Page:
Tuesday, November 22, 2005

Report #7 on the Fall of Communism

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21 November, 2005

Beijing: Chinese media practically silent on Bush’s church visit and human rights

Bush’s comments on religious freedom were not quoted by Chinese media. Protestant and Catholic Christians, dissidents, farmers were stopped and sent away in the fear that they might meet the U.S. president.

Beijing (AsiaNews) - “China is still afraid of religious freedom,” a bishop of the underground Church told AsiaNews commenting on the fact that, as of this morning, Chinese media have yet to mention Bush’s participation in yesterday’s liturgical services at the Protestant church in Gangwashi.

“In the preceding days,” the bishop went on to say, “Chinese media said that the American president would have visited a Protestant church. But this morning, Chinese newspapers made reference neither to his church visit nor to his insistence on human rights.”

Yesterday at 7:30 a.m., George W. Bush and his wife, Laura, took part in services at the Gangwashi Church and stayed on afterwards to chat with the other worshippers and journalists. “My hope is,” Bush said, "that the government of China will not fear the Christians who gather to worship openly. A healthy society is a society that welcomes all faiths." Later, during the press conference along with Hu Jintao, the U.S. president said, "It is important that social, political and religious freedoms grow in China. And we encourage China to continue making the historic transition to greater freedom."

Xinhua news agency was the only media outlet yesterday to mention, in an English-language report (nothing appeared in Chinese), Bush’s church visit, but omitted to quote him on religious freedom and human rights.

This afternoon, the www.china.com site reported briefly on Bush’s visit to the church saying that it was normal for the American president “to attend church services on Sunday,” adding also that “Beijing is obliged to offer such services.”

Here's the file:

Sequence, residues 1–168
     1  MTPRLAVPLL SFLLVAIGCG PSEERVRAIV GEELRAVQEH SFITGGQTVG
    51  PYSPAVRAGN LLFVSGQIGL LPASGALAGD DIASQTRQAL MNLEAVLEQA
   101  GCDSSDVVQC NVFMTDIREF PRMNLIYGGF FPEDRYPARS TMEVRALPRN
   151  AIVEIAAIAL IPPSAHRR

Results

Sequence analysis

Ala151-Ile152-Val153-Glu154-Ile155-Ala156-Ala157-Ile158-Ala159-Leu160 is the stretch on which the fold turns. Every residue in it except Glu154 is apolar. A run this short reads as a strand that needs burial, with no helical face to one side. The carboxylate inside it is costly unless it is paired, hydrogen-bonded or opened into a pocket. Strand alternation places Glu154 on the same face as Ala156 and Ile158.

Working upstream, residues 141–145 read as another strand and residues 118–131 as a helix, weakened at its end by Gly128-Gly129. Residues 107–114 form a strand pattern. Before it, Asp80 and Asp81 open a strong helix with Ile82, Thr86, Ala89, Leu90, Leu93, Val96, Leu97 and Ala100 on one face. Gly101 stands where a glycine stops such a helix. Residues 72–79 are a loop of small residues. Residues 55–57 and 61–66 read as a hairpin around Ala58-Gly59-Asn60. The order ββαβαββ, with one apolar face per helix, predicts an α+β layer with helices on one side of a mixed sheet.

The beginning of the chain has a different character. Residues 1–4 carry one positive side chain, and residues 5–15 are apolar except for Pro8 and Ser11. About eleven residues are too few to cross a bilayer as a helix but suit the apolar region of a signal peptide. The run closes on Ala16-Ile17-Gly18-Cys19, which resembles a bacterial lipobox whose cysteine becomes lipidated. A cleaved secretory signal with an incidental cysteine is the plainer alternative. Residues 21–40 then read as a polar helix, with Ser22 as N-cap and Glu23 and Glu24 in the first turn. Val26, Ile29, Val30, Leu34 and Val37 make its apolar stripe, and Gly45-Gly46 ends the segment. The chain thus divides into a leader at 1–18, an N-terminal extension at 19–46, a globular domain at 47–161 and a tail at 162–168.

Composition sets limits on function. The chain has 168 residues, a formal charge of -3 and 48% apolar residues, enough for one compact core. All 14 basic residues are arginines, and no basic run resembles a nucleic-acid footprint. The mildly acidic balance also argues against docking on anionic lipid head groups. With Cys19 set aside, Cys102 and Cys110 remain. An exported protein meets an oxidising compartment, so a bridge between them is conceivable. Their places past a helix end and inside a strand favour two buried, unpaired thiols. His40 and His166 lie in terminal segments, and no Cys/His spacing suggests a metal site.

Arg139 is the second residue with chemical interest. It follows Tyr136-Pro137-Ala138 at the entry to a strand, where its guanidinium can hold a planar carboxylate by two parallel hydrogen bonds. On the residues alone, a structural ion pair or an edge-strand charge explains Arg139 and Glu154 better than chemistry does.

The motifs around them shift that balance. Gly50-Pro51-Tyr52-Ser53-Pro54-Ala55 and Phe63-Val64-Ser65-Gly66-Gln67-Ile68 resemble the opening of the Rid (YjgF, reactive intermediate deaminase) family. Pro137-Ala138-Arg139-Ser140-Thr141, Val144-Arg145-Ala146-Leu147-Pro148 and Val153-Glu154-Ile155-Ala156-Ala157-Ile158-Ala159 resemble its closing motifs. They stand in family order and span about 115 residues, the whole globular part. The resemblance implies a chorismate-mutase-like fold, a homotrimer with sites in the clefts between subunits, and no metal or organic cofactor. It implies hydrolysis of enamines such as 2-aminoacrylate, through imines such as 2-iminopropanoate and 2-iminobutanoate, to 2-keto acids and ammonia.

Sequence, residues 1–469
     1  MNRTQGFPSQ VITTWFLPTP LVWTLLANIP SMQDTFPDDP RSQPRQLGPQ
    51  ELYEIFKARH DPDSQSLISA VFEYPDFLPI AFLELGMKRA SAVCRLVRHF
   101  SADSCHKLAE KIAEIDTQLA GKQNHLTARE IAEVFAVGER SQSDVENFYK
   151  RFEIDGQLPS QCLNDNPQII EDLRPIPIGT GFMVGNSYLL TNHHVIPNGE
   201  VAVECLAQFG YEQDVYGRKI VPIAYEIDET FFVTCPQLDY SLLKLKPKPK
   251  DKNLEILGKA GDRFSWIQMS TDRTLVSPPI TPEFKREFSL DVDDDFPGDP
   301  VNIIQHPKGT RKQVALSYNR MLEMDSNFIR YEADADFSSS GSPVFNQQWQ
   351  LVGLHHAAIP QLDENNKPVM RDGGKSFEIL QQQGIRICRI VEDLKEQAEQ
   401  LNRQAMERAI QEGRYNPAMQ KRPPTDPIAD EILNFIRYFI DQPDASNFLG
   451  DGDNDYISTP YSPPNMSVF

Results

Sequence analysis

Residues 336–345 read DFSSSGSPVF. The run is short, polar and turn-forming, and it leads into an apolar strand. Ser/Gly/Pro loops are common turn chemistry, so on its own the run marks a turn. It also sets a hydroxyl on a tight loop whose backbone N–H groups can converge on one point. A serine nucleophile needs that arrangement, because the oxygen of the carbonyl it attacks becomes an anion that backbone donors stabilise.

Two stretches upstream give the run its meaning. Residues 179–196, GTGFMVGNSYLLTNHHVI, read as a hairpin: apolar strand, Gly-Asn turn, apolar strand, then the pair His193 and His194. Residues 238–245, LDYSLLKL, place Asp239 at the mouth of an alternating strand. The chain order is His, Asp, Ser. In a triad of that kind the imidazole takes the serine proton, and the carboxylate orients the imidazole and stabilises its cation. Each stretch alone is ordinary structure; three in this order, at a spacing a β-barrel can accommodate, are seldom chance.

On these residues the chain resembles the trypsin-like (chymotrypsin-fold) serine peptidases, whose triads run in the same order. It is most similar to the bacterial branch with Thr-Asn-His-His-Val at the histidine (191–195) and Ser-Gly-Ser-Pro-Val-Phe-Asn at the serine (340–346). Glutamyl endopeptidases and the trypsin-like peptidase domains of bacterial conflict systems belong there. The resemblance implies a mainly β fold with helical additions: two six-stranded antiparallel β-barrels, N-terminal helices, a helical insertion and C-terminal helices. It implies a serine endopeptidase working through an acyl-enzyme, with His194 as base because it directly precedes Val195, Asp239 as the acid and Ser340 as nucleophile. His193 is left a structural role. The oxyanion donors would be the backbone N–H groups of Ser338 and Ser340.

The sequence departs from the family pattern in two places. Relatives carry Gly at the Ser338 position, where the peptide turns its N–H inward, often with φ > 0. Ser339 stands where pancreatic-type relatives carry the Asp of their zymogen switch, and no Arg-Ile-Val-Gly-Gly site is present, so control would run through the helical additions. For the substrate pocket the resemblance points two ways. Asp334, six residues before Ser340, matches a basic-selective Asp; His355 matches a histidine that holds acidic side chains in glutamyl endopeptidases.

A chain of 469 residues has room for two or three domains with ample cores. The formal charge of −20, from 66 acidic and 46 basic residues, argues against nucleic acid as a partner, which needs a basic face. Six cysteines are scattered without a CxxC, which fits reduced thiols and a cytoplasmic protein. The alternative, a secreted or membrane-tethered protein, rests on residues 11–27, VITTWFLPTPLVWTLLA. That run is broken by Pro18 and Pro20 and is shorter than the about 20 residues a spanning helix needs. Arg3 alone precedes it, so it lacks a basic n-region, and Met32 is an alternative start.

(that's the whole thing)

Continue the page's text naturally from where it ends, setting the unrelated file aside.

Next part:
Fearing that Bush’s visit could serve as a sounding board to launch messages and petitions internationally, the Chinese government arrested Bishop Julius Jia Zhiguo and several other Catholic priests. Even some Protestant pastors, such as Hua Huiqi and Zhang Mingxuan, had been forcibly transferred to the Sichuan and Henan regions, thousands of kilometres from Beijing. The two pastors are known as champions in defending religious freedom, human rights and democracy. Zhang Xingshui, a lawyer engaged in defending Christian prisoners, was taken away to Tianjin (150 km from Beijing) two days prior to Bush’s arrival in the capital.

The government is increasingly nervous about the growing cooperation between human right activists and religious personalities. The Party’s fear is that religious communities will become the milieu for channelling social discontent. Yesterday the church in Gangwashi was cordoned off by police. At least 30 people were stopped or detained. Many of them wanted to meet the U.S. president and deliver to him complaints or petitions on violated rights, such as confiscated land, corruption on the part of leaders, job dismissals.

Prior to Bush’s visit, the government had put at least 20 pro-democracy dissidents under house arrest, including Professor Liu Xiaobo, Liu Di and Qi Zhiyong.


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